Google recently launched GoogleSky for browser viewing which was only available within Google Earth software. Google sky turns our browsers into a virtual telescope that can zoom and pan across the entire cosmos. This will bring star gazing right into our browsers. Listed below are the features of Google Sky:
- Powerful search that lets you browse tens of thousands of named objects.
- Three optical sky surveys that show you what your naked eye would see if it had a really good zoom lens. Try switching to infrared, microwave, ultraviolet, or x-ray to see the sky in a completely different light. Or blend between these views to create unique visualizations on the fly.
- Galleries highlighting the best images from Hubble and many other telescopes.
- Current planet positions and constellations.
- Overlays of custom KML(a file format used to display geographic data in an Earth browser such as Google Earth, Google Maps, and Google Maps for mobile. KML uses a tag-based structure with nested elements and attributes and is based on the XML standard.) content. (Simply paste a Sky KML URL into the search box, just like on Google Maps.)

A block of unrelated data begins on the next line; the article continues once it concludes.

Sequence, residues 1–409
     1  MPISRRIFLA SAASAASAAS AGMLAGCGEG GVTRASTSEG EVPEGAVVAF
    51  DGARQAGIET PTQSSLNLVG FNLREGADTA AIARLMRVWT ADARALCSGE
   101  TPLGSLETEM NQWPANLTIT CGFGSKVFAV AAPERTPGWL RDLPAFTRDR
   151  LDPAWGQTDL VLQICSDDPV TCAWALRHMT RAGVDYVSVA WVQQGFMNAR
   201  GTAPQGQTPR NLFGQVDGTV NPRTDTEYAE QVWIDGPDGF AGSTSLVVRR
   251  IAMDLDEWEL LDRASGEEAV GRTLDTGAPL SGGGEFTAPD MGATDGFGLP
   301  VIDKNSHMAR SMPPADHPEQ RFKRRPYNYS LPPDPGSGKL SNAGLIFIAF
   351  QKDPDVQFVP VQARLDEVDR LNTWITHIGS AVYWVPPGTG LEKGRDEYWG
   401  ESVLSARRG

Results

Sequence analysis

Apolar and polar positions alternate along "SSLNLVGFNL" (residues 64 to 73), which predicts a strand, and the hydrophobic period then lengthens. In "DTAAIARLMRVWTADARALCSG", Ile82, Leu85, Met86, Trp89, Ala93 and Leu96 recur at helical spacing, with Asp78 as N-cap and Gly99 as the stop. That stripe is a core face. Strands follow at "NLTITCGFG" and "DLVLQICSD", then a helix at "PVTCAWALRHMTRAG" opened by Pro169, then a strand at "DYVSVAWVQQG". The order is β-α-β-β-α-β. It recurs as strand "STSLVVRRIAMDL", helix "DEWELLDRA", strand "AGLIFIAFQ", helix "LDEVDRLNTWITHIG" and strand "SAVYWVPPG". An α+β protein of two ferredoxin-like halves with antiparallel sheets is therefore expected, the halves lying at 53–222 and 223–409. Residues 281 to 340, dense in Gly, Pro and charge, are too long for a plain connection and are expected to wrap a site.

- Last but not least, the Earth & Sky podcasts gallery is not to be missed, particularly for those who run a classroom.
All of this is accessible from any web browser, on any operating system, with no extra download required. And since staring up at the cosmos is an experience shared across the globe, we decided to make Google Sky truly worldwide, with 26 localized language editions.
You can easily navigate Google Sky like you do in Google Maps. This will make a valuable resource for science teachers in showing materials for their science class. The easy search of astronomy terms makes it even more useful and more interesting for students and grown-ups alike. You might also want to check out Google Moon and Google Mars for a closer look at the mentioned celestial bodies.
Source: [Google Lat Long Blog]